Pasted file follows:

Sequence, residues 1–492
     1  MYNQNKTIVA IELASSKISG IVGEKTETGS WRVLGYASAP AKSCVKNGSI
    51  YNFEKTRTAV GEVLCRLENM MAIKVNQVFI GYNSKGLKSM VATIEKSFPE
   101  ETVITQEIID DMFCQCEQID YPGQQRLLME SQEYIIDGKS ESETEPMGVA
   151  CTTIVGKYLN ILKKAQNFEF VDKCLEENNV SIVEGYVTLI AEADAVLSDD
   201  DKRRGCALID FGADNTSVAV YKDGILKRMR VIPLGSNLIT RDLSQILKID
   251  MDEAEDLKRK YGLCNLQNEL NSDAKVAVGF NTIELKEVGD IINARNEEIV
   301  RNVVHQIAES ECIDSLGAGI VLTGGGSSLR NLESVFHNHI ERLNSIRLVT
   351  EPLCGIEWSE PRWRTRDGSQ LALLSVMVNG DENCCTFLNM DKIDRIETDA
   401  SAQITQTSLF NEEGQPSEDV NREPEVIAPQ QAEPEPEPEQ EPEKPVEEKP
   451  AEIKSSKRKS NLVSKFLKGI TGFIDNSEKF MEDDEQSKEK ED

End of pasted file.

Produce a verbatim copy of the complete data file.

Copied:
Sequence, residues 1–492
     1  MYNQNKTIVA IELASSKISG IVGEKTETGS WRVLGYASAP AKSCVKNGSI
    51  YNFEKTRTAV GEVLCRLENM MAIKVNQVFI GYNSKGLKSM VATIEKSFPE
   101  ETVITQEIID DMFCQCEQID YPGQQRLLME SQEYIIDGKS ESETEPMGVA
   151  CTTIVGKYLN ILKKAQNFEF VDKCLEENNV SIVEGYVTLI AEADAVLSDD
   201  DKRRGCALID FGADNTSVAV YKDGILKRMR VIPLGSNLIT RDLSQILKID
   251  MDEAEDLKRK YGLCNLQNEL NSDAKVAVGF NTIELKEVGD IINARNEEIV
   301  RNVVHQIAES ECIDSLGAGI VLTGGGSSLR NLESVFHNHI ERLNSIRLVT
   351  EPLCGIEWSE PRWRTRDGSQ LALLSVMVNG DENCCTFLNM DKIDRIETDA
   401  SAQITQTSLF NEEGQPSEDV NREPEVIAPQ QAEPEPEPEQ EPEKPVEEKP
   451  AEIKSSKRKS NLVSKFLKGI TGFIDNSEKF MEDDEQSKEK ED